“The books don’t feel like a sci-fi novel, they feel like a world where Earth has been mapped completely,” he said. “There’s no new countries, no new cultures, so where do we keep exploring on our boats and find another culture to meet? We’re going to make one up and go to the shores of Mars.”
Using that logic, the three screenwriters set out to devise the rules of evolution and behavior on Mars, given that the oceans had died and there was more than one race of sentient life on the planet.
“That was half the fun, going, ‘If you just shift it enough, how will mankind be slowly building the same path to the industrial revolution that we are?’” Stanton said.
Touching on the business behind the movie, the director addressed the title changes as the film went from John Carter of Mars to simply John Carter.
“At the time there was panic of [confusion] with Mars Needs Moms, and that wasn’t convincing me to do anything. Then they did all this testing and they found that a huge bump of people were saying no just off the title,” Stanton admitted. “I realized that the movie is about that arc, so I said, ‘Look I’ll bend if … you guys let me keep the JCM logo because it’s going to mean something by the end of the movie, and if there’s more movies I want that to be the thing you remember.”
Stanton also spoke out about media reports that John Carter was over budget, ballooning from $175 million to $300 million.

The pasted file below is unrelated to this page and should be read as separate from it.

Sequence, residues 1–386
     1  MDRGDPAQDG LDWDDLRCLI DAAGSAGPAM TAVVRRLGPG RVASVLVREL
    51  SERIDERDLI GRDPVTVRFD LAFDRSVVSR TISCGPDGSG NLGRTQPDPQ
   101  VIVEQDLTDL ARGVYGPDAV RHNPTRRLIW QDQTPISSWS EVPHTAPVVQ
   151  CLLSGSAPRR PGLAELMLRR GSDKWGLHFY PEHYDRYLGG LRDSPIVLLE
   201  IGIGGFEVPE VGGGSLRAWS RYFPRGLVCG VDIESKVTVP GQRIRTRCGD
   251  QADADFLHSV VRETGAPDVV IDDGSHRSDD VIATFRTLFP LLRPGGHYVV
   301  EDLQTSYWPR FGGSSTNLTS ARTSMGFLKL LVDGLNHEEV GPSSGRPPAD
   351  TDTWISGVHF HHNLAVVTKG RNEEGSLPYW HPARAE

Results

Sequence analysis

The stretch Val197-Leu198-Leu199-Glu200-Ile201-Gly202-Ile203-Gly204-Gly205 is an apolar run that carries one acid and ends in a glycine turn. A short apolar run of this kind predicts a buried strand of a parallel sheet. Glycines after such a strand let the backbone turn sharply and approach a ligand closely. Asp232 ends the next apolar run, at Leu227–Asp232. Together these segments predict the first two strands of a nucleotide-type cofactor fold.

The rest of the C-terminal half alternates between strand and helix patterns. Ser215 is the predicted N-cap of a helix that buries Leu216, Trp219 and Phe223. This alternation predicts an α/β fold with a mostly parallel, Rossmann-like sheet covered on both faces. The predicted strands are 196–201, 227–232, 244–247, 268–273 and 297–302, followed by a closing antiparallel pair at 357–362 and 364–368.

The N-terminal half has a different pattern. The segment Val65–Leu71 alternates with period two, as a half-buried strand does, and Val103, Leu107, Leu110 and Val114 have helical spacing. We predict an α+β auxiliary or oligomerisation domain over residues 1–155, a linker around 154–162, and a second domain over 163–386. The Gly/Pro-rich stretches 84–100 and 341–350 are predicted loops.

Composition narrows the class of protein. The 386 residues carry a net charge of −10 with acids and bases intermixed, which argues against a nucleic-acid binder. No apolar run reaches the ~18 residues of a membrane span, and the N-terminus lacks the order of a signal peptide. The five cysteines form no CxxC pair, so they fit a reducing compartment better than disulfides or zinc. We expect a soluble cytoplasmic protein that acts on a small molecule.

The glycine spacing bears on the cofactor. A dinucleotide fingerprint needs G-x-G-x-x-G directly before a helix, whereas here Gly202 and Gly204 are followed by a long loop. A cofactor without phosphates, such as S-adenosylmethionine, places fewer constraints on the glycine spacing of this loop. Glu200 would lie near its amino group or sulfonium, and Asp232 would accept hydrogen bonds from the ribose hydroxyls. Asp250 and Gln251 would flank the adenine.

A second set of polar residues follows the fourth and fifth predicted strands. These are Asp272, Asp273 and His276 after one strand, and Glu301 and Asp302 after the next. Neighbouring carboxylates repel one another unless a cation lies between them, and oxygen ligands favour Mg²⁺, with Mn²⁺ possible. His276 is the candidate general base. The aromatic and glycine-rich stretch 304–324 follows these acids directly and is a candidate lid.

“It’s bullshit! I was on budget, on time, the entire time,” Stanton declared, saying that Disney awarded him extra reshoot days because of his diligence in sticking to budget and time constraints.
“I want to end this principal shoot on budget, on time, so I said I will be a good citizen and if there’s things that are broken or missing I’ll add it to the reshoot,” he said, adding, “It’s a big-budget movie, and that’s why Disney gave it to me, because they associated me with huge-budget movies. I think they would have been scared to death to give me a $50 million indie picture.”
As to the criticisms that audiences won’t buy a film set on Mars because they know there’s no life on the red planet, Stanton merely grinned.
“Well, fish don’t talk underwater, either!” he said with a laugh. “It’s how you handle it.”
John Carter opens March 9 nationwide.